Whether you recently adopted your furry companion or you are planning to add a dog to your growing family over the holidays, this season can be particularly overly stimulating for anyone, much less a newly introduced canine friend. But, don’t worry. We’ve written down some great tips to make sure everyone in your household, including your newest four-legged family member, enjoys this magical time together by teaching your dog ways he or she can quickly become one of Santa’s best helpers!

Teach Him/Her to Fetch
The first thing a furry elf-in-training needs to do to earn his or her Santa’s Helper badge of honor is learn some fun fetching skills. Most dogs who like to fetch can be trained to bring ribbons, bows, gifts, and disposable tape dispensers to the gift wrapping area or the gift recipient. Start by teaching your dog to fetch a tennis ball or other dog toy of choice. Through the item of interest. If your dog likes to fetch, he or she will naturally want to follow the item and pick it up.

Next, call your dog to your side and reward him or her with praise, a click from a clicker, and/or a training treat. Finally, tell your dog to “Release It” and hold the item until he or she lets go of all pressure and you can safely remove the item from the dog’s mouth. It is important NOT to pull on the item or get into a game of tug of war. Tugging on objects your dog carries will make him or her bite down to secure the item. If your dog runs away with the toy, call him or her back and try the “Release It” command again with your hand on the item until your dog gently releases it and you can safely take ownership. Be sure to offer loads of praise, a click, and/or training treats when each task is performed correctly.

Keep in mind, it is critical to ignore your dog when he or she is overly excited, biting down on the item, or running off with the item. He or she will likely need patience from you while training as you wait for the next calm moment to toss the item again and call him or her back to you before issuing the “Release It” command. The key is to expect your dog to take a long time to learn each skill and be prepared to practice for 15-20 minutes each day.

Fetching for Gifts, Wrapping Items, and More!
Once your dog can fetch and release on command with ease, it’s time to teach your elf-in-training to be selective with the items you want him or her to bring you. Take an item like a brand new spool of ribbon and hold it in front of your dog’s nose while saying the name of the item like “Ribbon”. Each time your dog touches the item with his or her nose, provide the reward of praise, a click, and/or training treats. Repeat this until your dog knows to touch the item or shows interest in licking or gently mouthing the item each time.

Again, is critical to ignore your dog when he or she is overly excited, biting down on the item, or running off with the item. If this behavior occurs, go back to the dog toy for the item to fetch until he or she fully understands the game rules.

Helping Guests Get into the Holiday Spirit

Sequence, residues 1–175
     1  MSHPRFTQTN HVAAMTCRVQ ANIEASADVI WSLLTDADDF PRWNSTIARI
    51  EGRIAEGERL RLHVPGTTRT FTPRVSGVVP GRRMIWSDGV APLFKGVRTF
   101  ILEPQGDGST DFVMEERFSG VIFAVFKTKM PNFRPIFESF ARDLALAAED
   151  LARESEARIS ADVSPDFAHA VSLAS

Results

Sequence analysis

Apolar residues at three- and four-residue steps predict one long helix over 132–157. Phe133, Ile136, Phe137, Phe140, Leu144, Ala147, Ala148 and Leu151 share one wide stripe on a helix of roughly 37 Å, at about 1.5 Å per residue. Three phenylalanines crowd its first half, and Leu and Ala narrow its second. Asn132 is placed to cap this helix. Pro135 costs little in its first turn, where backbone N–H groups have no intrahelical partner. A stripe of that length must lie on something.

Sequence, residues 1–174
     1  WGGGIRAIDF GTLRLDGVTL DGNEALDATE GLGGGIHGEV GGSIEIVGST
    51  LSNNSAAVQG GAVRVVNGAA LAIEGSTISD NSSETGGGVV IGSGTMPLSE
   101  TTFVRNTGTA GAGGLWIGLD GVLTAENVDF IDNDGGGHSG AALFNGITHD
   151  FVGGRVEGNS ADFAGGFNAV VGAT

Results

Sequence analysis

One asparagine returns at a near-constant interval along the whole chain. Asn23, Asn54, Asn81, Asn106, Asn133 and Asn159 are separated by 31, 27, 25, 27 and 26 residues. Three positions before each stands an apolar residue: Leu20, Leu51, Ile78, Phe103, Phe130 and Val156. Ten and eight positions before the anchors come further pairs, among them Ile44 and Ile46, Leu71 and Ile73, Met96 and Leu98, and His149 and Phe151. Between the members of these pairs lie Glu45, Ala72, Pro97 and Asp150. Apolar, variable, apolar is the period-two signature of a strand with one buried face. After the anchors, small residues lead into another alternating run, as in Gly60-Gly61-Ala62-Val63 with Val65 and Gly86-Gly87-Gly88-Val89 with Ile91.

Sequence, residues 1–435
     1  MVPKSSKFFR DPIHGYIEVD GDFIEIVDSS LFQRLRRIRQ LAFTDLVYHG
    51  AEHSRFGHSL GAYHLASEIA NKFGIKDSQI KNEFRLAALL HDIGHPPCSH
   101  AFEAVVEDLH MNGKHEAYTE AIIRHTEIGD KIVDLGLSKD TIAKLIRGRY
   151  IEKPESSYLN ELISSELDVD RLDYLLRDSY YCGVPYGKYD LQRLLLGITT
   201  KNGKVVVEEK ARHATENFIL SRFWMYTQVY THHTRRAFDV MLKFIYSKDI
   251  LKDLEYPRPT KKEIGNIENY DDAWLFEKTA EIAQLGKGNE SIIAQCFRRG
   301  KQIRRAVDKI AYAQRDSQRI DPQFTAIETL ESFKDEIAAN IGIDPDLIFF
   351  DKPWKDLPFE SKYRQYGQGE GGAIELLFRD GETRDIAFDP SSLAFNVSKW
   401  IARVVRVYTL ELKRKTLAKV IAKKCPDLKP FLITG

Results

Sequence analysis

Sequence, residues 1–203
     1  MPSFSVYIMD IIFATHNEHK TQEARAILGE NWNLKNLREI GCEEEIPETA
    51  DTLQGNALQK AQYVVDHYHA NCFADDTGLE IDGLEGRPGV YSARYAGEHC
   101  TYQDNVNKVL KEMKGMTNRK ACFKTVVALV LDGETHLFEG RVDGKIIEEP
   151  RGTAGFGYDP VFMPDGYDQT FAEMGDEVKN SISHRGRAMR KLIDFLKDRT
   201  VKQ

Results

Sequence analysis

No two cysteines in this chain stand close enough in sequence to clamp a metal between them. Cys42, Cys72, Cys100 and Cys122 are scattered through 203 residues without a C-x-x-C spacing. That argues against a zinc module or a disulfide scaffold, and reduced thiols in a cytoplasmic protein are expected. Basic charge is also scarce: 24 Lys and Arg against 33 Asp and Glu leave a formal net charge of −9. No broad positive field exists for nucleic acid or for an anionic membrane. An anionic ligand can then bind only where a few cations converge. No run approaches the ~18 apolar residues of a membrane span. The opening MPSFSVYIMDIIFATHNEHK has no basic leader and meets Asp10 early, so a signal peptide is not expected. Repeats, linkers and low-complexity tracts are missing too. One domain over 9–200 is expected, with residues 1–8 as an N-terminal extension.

One skill that comes naturally to well-socialized dogs is greeting guests and helping everyone feel welcome. Dogs can help lower anxiety, stress, and blood pressure for all while equally offering a warm greeting at the same time just by being friendly. But, before he or she can be a calming influence for guests and help them get into the holiday spirit, your dog will need a little training. Teach your dog to sit by standing in front of your dog and holding a training treat above his or her nose. Give the “Sit” command. When your dog sits, however long it takes, give him or her praise, a click from a clicker, and the treat. Do this repeatedly until your dog is a real pro at the “Sit” command.

Now, teach your dog not to jump on people. For this trick, you’ll need a human helper, a leash, and training treats. Put your dog on a leash and drop several treats on the floor in front of your dog as your training guest comes to the door. Ask your helper to pet your dog while he or she is eating the treats on the floor and step away and close the door when the dog is finished eating. Repeat these actions until your dog is able to keep all four paws on the ground while your guest is near. Over time, you can give fewer treats as your dog learns the behavior you are rewarding. Then, ask other guests to help with the same exercise. Eventually, you will be able to provide one treat, click, and/or lots of praise for a job well done as your dog remains calm and does not jump when new guests arrive at your home.

Where to Find Your Own Santa’s Helper
If you are looking to adopt a dog in the Volusia County area, browse our list of loving rescues in need of a patient and attentive owner like you. We also have opportunities for fostering families and, of course, we welcome donations for our dogs as well as dog food drop-offs for our community members who have fallen on hard times and are in need of support to keep their dogs healthy at home. Check out our adoption page, foster criteria, and donation page for more ways you can help our elves-in-training find the right place to share the holiday spirit.